Description Environment fingerprinting via digital technology - a new paradigm in hazard forecasting and early-warning systems for health risks in Africa
Amount £126,723 (GBP)
Funding ID EP/T029986/1 
Organisation Engineering and Physical Sciences Research Council (EPSRC) 
Sector Public
Country United Kingdom
Start 05/2020 
End 04/2021
 
Description 1. Kasprzyk-Hordern, Global practices on environmental surveillance for public health tracking and forensics, WRC WORLD ENVIRONMENTAL HEALTH DAY WEBINAR, ENVIRONMENTAL HEALTH, A KEY PUBLIC HEALTH INTERVENTION IN DISEASE PANDEMIC PREVENTION 23 September 2020 
Form Of Engagement Activity A talk or presentation
Part Of Official Scheme? No
Geographic Reach International
Primary Audience Professional Practitioners
Results and Impact Seminar focussed on Wastewater-based epidemiology
1. Kasprzyk-Hordern, Global practices on environmental surveillance for public health tracking and forensics, WRC WORLD ENVIRONMENTAL HEALTH DAY WEBINAR, ENVIRONMENTAL HEALTH, A KEY PUBLIC HEALTH INTERVENTION IN DISEASE PANDEMIC PREVENTION 23 September 2020
Year(s) Of Engagement Activity 2020
 
Description Kasprzyk-Hordern interview for The bmj article: Sewage monitoring is the UK's next defence against covid-19, 15th of July 2020 
Form Of Engagement Activity A press release, press conference or response to a media enquiry/interview
Part Of Official Scheme? No
Geographic Reach International
Primary Audience Media (as a channel to the public)
Results and Impact Interview for an article
Year(s) Of Engagement Activity 2020
URL https://www.bmj.com/content/370/bmj.m2599.full
 
Description Kasprzyk-Hordern, Wastewater-based Epidemiology and Environment Fingerprinting for Public Health Assessment, BNet Webinar: Biosensors and Environmental Monitoring - New Developments in Environmental Biotech, 17th November 2020 
Form Of Engagement Activity A talk or presentation
Part Of Official Scheme? No
Geographic Reach International
Primary Audience Professional Practitioners
Results and Impact Kasprzyk-Hordern, Wastewater-based Epidemiology and Environment Fingerprinting for Public Health Assessment, BNet Webinar: Biosensors and Environmental Monitoring - New Developments in Environmental Biotech, 17th November 2020
Year(s) Of Engagement Activity 2020
URL https://ebnet.ac.uk/biosensors/
 
Description Kasprzyk-Hordern, Wastewater-based epidemiology for public health assessment, Cranfield University, Wastewater Network meeting, 30th June 2020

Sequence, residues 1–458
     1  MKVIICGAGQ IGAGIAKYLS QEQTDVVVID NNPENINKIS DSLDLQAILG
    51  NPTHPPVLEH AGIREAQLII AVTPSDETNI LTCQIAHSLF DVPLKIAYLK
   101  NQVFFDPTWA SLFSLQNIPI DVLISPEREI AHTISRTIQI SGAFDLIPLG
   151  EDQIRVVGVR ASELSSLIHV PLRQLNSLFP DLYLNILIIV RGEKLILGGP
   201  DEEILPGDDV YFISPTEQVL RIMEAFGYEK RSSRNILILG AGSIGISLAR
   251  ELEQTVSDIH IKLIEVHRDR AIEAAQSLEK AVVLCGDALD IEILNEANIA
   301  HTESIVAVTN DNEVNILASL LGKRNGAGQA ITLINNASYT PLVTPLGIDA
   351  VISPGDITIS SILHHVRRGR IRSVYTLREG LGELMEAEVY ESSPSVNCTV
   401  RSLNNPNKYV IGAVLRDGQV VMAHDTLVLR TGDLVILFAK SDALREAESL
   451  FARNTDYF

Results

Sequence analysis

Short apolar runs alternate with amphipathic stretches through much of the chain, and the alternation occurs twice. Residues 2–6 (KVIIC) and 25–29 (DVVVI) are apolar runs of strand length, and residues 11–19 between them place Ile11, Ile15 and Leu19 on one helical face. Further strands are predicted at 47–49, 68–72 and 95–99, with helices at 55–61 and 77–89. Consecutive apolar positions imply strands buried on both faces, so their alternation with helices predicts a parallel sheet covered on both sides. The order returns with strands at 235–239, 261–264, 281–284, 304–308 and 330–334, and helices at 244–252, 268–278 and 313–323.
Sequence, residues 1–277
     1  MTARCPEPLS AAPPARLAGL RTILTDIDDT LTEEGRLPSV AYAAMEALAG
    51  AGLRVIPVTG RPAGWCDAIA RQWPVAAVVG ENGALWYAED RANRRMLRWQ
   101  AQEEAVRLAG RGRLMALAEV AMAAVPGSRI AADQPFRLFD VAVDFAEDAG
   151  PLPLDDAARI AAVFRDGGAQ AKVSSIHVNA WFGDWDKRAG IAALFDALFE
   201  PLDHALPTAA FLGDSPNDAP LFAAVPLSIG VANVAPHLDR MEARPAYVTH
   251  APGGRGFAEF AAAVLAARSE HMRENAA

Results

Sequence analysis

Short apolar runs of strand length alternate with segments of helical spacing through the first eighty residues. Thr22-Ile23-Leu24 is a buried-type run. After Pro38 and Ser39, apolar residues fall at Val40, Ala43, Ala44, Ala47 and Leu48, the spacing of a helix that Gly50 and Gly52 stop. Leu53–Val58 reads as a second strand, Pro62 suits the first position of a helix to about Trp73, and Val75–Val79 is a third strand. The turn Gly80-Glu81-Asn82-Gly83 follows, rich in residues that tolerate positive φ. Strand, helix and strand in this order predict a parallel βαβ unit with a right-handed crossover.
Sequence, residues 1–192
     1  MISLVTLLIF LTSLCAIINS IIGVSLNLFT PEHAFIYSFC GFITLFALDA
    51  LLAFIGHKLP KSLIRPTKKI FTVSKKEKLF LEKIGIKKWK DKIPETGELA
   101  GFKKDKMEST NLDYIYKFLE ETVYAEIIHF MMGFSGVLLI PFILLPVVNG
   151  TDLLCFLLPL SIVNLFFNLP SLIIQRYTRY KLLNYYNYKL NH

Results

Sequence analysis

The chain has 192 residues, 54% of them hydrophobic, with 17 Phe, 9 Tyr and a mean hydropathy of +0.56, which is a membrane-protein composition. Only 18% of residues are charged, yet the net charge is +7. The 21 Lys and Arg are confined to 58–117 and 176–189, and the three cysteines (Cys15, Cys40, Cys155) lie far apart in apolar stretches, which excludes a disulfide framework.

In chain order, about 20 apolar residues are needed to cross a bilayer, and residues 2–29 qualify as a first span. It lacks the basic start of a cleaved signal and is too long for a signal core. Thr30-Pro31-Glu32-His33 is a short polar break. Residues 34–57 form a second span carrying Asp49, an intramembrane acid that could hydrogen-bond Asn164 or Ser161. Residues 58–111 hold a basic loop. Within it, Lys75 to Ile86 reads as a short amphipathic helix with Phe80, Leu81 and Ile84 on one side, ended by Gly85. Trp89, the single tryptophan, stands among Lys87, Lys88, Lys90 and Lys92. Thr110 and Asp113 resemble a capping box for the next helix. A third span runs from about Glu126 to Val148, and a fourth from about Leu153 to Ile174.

Form Of Engagement Activity A talk or presentation
Part Of Official Scheme? No
Geographic Reach International
Primary Audience Professional Practitioners
Results and Impact Talk by Kasprzyk-Hordern, Wastewater-based epidemiology for public health assessment, Cranfield University, Wastewater Network meeting, 30th June 2020 (invited, keynote, virtual)
Year(s) Of Engagement Activity 2020
URL http://cranfield.ac.uk/events/events-2020/8th-uk-wastewater-network-conference
 
Description Kasprzyk-Hordern, Water fingerprinting for public health assessment, British Mass Spectrometry Society, Virtual Environmental & Food Analysis SIG, 30th July 2020 
Form Of Engagement Activity A talk or presentation
Part Of Official Scheme? No
Geographic Reach International
Primary Audience Professional Practitioners
Results and Impact Kasprzyk-Hordern, Water fingerprinting for public health assessment, British Mass Spectrometry Society, Virtual Environmental & Food Analysis SIG, 30th July 2020
Year(s) Of Engagement Activity 2020
URL http://bmss.org.uk/bmss-virtual-efasig-meetings-2020/past-event-30th-july-2020
 
Description Kasprzyk-Hordern, interview, NBCnews, In search for a coronavirus early warning system, scientists look to the sewers, 3rd of July 2020 
Form Of Engagement Activity A press release, press conference or response to a media enquiry/interview
Part Of Official Scheme? No
Geographic Reach International
Primary Audience Public/other audiences
Results and Impact interview
Year(s) Of Engagement Activity 2020
URL https://www.nbcnews.com/news/world/search-coronavirus-early-warning-system-scientists-look-sewers-n1...
 
Description Water fingerprinting for environmental and public health assessment, Centre of Research in Biomedical Science (CRIB), UWE, 4th December 2020 
Form Of Engagement Activity A talk or presentation
Part Of Official Scheme? No
Geographic Reach Regional
Primary Audience Postgraduate students
Results and Impact Talk by Kasprzyk-Hordern focussed on 'Water fingerprinting for environmental and public health assessment', Centre of Research in Biomedical Science (CRIB), UWE, 4th December 2020
Year(s) Of Engagement Activity 2020